The world is evolving fast – faster than ever with the majority of it out of our control. Currencies are fluctuating, irregular weather patterns surprise us, and companies' infrastructures are continuously hiring, laying off, and developing new ways of doing business. As the U.S. and Europe experience economic obstacles, China slows down, Brazil's middle class quickly develops, and as a result, new countries are on the economic upswing, we will continually see a shift in different markets and more brands looking to a global presence. What we once thought of as the world's leading nations may one day no longer hold true, as we are seeing today. New economies will gain momentum and these nations will lead the global world forward. With all these changes, the individual countries will only further have to rely on innovative concepts, remain open minded to both domestic and new international opportunities, as well learn to collaborate together in both business and economics.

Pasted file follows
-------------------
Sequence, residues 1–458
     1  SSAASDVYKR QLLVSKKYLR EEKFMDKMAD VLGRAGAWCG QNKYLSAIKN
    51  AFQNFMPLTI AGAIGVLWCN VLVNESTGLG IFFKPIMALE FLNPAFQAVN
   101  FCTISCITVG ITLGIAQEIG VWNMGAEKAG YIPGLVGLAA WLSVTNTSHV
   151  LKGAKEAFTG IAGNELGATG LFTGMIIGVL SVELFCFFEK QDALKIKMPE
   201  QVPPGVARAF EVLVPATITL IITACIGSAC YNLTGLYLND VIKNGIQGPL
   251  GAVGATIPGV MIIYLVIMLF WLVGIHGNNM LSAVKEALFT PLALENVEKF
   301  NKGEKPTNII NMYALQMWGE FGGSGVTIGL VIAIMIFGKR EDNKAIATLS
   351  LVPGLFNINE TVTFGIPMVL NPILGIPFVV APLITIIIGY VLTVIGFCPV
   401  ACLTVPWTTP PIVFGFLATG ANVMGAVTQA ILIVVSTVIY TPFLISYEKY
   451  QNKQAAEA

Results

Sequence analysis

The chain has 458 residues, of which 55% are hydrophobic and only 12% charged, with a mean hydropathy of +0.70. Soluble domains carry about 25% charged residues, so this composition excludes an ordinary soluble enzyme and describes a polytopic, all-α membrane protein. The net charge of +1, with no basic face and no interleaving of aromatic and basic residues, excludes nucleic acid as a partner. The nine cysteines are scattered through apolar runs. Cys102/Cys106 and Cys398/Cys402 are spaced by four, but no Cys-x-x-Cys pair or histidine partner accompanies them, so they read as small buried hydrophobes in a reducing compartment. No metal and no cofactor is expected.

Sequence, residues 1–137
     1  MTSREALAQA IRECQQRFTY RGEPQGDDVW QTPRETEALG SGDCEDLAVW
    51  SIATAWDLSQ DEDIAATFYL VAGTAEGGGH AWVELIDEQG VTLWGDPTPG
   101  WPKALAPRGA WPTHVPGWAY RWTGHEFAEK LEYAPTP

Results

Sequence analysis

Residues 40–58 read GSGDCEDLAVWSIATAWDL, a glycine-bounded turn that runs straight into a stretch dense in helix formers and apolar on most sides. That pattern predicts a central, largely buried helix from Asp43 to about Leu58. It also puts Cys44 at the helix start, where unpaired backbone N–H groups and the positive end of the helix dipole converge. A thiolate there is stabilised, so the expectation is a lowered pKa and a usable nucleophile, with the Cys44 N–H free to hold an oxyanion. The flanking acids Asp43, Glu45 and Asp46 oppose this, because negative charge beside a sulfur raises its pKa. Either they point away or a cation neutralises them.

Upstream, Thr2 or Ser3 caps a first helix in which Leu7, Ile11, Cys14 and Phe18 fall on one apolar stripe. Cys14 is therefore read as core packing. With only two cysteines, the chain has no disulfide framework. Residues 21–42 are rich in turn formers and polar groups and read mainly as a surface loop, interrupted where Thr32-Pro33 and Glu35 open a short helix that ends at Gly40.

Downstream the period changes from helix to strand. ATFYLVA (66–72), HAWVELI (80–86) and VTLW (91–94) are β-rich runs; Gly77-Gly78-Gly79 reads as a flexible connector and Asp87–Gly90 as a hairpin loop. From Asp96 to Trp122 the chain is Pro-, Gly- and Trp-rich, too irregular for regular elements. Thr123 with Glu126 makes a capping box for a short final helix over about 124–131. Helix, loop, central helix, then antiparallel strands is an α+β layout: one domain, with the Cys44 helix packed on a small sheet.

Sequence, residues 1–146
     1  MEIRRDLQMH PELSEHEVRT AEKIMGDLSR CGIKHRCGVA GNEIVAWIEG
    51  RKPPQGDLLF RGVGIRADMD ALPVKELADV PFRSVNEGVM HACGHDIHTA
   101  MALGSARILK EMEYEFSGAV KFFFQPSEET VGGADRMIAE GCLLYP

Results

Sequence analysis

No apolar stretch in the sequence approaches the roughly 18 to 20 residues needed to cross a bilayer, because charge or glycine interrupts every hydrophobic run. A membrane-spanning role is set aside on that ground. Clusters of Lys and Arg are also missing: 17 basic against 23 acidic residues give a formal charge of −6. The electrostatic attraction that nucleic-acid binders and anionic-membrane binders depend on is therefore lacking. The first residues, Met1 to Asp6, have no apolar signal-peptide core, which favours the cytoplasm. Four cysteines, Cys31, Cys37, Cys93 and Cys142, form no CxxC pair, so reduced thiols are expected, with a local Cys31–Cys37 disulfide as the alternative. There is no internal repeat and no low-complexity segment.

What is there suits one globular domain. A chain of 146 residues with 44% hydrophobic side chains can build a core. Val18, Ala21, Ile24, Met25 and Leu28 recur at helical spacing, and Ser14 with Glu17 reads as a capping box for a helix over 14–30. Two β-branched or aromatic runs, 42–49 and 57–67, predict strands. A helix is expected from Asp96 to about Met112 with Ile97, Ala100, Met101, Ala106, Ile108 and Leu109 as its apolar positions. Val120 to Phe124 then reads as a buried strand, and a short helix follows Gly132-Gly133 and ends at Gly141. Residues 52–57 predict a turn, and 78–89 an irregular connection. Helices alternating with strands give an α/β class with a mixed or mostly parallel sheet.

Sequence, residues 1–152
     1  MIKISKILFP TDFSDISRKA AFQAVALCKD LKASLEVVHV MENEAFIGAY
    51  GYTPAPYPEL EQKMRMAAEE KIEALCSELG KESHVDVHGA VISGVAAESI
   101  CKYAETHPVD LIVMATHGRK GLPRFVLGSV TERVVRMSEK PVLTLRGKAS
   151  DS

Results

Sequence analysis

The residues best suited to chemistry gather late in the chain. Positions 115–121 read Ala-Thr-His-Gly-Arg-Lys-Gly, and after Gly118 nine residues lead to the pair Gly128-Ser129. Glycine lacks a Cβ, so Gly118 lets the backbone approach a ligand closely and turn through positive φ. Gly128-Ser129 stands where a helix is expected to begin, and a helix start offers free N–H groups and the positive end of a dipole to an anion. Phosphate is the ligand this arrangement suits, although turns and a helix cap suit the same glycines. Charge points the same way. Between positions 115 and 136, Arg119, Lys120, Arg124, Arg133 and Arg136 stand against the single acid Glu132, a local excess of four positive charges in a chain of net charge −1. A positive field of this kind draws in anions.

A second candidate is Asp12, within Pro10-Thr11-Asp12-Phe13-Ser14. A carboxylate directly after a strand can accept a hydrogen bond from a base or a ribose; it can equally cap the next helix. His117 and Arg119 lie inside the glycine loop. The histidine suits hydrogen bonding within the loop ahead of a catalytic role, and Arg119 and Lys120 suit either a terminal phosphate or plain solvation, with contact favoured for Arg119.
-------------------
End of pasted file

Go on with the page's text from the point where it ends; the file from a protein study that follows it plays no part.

photo via Yahoo! Travel

Now that we've discussed today's leading markets bringing us forward into the future, we'd like to leave you with a list of the world's happiest countries! Enjoy!

No comments:

Post a Comment

Creative Commons License
MBF Trend Talk by MBF Trend Consulting is licensed under a Creative Commons Attribution-Noncommercial-No Derivative Works 3.0 United States License.
Based on a work at mbf-trendtalk.blogspot.com.